Some have deep roots that will aide in soil conservation and bring trace minerals up to the surface for everyone else in the plot to enjoy.
Others will protect the northern wall from winter winds, keep the soil rich and fertile and scent evening breezes with the smells that bring peace to the soul.
A variety of choices will be planted purely because bees, butterflies and birds love and depend upon them. My house is surrounded by nesting trees for many types of birds – I even got to watch the young during their flying lessons a few weeks ago.
I’m hoping eventually, I’ll have enough berries the birds will feel generous and share with me…
I will admit to a certain frustration in just what, exactly, I shall plant in the top, exterior tier of the tire beds that will grow and trail to cover the black ugliness behind and bear pretty edible flowers and/or fruit, as well as shade the interior beds from getting too hot during summer months.
I must admit to being somewhat swayed by public opinion in my search for just the right plants. Currently, another town resident is being called in to justify and explain his creative use of pallets around his place.
Apparently, there is a general outcry about the state of his place. I confess to not knowing much other than the public notice of a town meeting to discuss the matter. I drove by his place the other day. Yes, it’s not all uniform. It actually reminds me of modern art, with all it’s spires and uneven sprawling geometry, but what do I know?
He has, in my opinion, ingeniously put the pallets to use and he has painted them in various shades of tan, brown, light and dark greens. Once, I observed him carefully clipping, by hand, the weeds that were growing next to one of the pallet walls – his green areas look neat and prosperous, so why the big uproar? Because his place doesn’t look like this:
And so, I still search for a trailing vine that will quickly cover the exterior of the fence, is not a noxious, invasive weed and will provide some food for either humans or my local wild neighbors…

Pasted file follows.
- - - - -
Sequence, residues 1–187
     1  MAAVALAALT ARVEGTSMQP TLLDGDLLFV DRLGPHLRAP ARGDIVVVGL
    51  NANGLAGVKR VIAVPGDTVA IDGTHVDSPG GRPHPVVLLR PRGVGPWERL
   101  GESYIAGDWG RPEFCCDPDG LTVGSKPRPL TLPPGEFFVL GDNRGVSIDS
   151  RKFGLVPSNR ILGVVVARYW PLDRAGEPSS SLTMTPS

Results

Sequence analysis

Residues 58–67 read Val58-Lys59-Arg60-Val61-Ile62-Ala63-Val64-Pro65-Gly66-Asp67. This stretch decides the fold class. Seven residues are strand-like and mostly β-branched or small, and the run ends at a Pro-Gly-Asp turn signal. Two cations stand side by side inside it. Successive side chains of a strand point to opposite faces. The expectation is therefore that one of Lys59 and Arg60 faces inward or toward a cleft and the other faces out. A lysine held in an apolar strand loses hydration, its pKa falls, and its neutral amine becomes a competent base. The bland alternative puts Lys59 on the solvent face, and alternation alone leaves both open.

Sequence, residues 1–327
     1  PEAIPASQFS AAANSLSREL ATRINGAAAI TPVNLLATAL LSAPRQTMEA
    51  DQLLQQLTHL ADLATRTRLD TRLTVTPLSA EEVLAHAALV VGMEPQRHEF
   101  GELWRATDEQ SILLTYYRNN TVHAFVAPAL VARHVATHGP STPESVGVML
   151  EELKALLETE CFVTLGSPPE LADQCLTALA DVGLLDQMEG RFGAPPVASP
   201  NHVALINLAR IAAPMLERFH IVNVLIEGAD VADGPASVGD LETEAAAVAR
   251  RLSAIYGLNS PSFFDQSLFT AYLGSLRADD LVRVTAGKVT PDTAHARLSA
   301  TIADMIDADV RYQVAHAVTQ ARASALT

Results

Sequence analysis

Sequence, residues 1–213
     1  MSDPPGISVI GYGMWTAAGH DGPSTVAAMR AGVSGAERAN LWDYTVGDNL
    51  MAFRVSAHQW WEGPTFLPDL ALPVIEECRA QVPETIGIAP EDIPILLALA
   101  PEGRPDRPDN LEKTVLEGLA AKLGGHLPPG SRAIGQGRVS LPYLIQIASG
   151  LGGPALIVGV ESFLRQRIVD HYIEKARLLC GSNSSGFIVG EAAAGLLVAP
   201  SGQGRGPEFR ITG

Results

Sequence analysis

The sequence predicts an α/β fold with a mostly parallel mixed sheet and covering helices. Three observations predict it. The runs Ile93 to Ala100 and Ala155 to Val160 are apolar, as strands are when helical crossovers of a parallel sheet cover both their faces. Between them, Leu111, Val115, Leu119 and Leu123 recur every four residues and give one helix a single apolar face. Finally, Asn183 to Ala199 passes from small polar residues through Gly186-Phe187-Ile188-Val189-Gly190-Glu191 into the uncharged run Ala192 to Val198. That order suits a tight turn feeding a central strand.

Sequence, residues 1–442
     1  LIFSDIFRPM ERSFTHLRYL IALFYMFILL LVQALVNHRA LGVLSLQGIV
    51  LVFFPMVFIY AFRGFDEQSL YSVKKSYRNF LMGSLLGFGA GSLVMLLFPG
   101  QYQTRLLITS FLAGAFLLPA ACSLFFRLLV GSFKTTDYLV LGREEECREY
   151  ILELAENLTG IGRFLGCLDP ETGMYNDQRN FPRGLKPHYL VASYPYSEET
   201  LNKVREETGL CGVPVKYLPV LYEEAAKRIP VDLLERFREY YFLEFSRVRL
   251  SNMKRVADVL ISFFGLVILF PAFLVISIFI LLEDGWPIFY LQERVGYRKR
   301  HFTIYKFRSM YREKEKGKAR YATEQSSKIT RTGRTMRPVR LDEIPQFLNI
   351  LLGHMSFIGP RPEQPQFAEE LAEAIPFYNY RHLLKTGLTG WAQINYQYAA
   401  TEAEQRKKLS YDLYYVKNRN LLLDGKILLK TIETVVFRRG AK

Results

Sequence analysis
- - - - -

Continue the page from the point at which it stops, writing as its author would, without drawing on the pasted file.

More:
However, I’m starting to think the manicured-estate residents will just have to live with some bare tire patches for a season or two – – I have plenty of options if only I don’t insist the entire tire wall be hidden from the view of looky-looers this year.
Why do I tell you all of this? Because I’m somewhat chagrined to find myself a water snob – I’m rather frustrated with my place being on the local Sunday drive tour, entitled, “What’s she doing with all those tires” by those who have lived in the same place for 20 years and hire someone to keep their sod lawn and flower bed looking pretty – as well as those who choose to run their wide-arc sprinkler around noon every day, probably because they get great satisfaction out of watering the air.
Perhaps because it’s hot, I’m in a churlish mood and living in town is getting me down…
But mostly, I tell you what my garden will look like in the next two or three years, because it helps to keep me in better spirits and motivated through this long and tiring infrastructure phase – a phase accompanied by plenty of Poohs and Pahs from the local peanut gallery…